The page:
Childhood and Adolescent Sexuality The topic related to childhood and adolescent sexuality I have chosen is the LGBT youth

Childhood and Adolescent Sexuality
The topic related to childhood and adolescent sexuality I have chosen is the LGBT youth. The empirical article selected was Recommendations for Promoting the Health and Well-Being of Lesbian, Gay, Bisexual, and Transgender Adolescents: A Position Paper of the Society for Adolescent Health and Medicine. In this article we see the health risks and implication faced by the LGBT community and recommendation to promote better health and wellbeing among this community.
LGBT Adolescent Sexuality and Risk Factors
Adolescence is that period when an individual is living childhood behind and transitioning to a more mature stage, during this period adolescents begin to discover their own identity and dealing with the transition is not an easy task. Unfortunately the first issue an adolescent must deal with is that parents may react negatively to their nonheterosexual preference (Ryan, C., Russell, S. T., Huebner, D., Diaz, R., & Sanchez, J. 2010).
LGBT faces more challenges than their heterosexual counterpart; these challenges are not only with family members but with society in general. Most LGBT young people are healthy and well-adjusted; however, LGBT teenagers who exhibit high-risk behaviors are usually reflecting reactions to social stigma and non-acceptance by society.
One of the main challenges that LGBT adolescents have to face is their emotional and mental health wellbeing. Evidence suggests that adolescents who have non heterosexual attractions and sexual or romantic relationships, or those who identify as lesbian, gay, or bisexual are more likely to experience depressive symptoms, suicidal ideation, and to make suicide attempts. In addition, there has been a link that correlates self-harm, and perceived discrimination in adolescents (Almeida, Johnson, Corliss, Molnar & Azrael, 2009).
In addition to adolescents’ emotional and mental health wellbeing, there is the risk of illicit drug use. The lack of coping skills in adolescents can drive them to use drugs or alcohol to better cope with rejection and negative behaviors. It has been documented that the use of drugs was higher in the LGBT population than the rest of youth population (Kelly, Davis ; Schlesinger, 2015).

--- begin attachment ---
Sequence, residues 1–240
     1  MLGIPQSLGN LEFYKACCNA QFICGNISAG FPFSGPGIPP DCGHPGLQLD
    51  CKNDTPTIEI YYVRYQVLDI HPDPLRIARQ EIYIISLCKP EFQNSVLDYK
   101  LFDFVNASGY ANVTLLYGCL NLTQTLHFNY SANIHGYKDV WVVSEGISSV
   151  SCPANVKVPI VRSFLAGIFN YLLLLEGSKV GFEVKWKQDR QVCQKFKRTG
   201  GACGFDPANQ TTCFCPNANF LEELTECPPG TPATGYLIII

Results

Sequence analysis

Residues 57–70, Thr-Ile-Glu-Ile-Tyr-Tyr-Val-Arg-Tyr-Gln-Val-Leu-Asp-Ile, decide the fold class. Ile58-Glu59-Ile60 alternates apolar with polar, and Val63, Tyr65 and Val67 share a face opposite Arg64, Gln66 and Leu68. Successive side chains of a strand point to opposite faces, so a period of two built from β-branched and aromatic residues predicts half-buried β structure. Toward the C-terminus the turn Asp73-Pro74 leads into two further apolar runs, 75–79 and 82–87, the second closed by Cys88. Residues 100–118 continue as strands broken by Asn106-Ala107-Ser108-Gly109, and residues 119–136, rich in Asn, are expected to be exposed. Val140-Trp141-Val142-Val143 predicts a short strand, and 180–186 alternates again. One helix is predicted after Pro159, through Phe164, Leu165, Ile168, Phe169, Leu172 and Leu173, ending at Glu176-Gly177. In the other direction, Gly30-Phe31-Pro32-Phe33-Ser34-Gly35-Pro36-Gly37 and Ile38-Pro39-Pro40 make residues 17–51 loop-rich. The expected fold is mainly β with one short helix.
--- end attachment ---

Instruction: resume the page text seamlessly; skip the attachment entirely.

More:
Counseling parents and LGBT Adolescents
Studies suggest that LGBT adolescents are coming out of the closet at younger age than in previous years. Due to this it is more likely that this community is served by providers in many different setting. It is also important to not that this provides many opportunities to recognize LGBT youth at risk and to provide appropriate services (Reitman et al, 2013)
Counselors working with adolescents who are LBGT must be sensitive to the feelings of uncertainty, rejection and fear that these young people experience. Providers who work with teens should be trained to recognize the adolescent’s external stressors, which may increase risks, and provide supportive counseling to promote self-acceptance and healthy growth (Reitman et al, 2013).
Providers can help families understand the need to reduce rejection and help them creating an environment that will promote positive behaviors and general well-being. In addition to helping family members promote adolescent’s wellbeing, is also important to help clients identify supportive communities (Doty, Willoughby, Lindahl ; Malik, 2010). Studies supports that there is a link between sexuality related social support and mental health among LGBT youth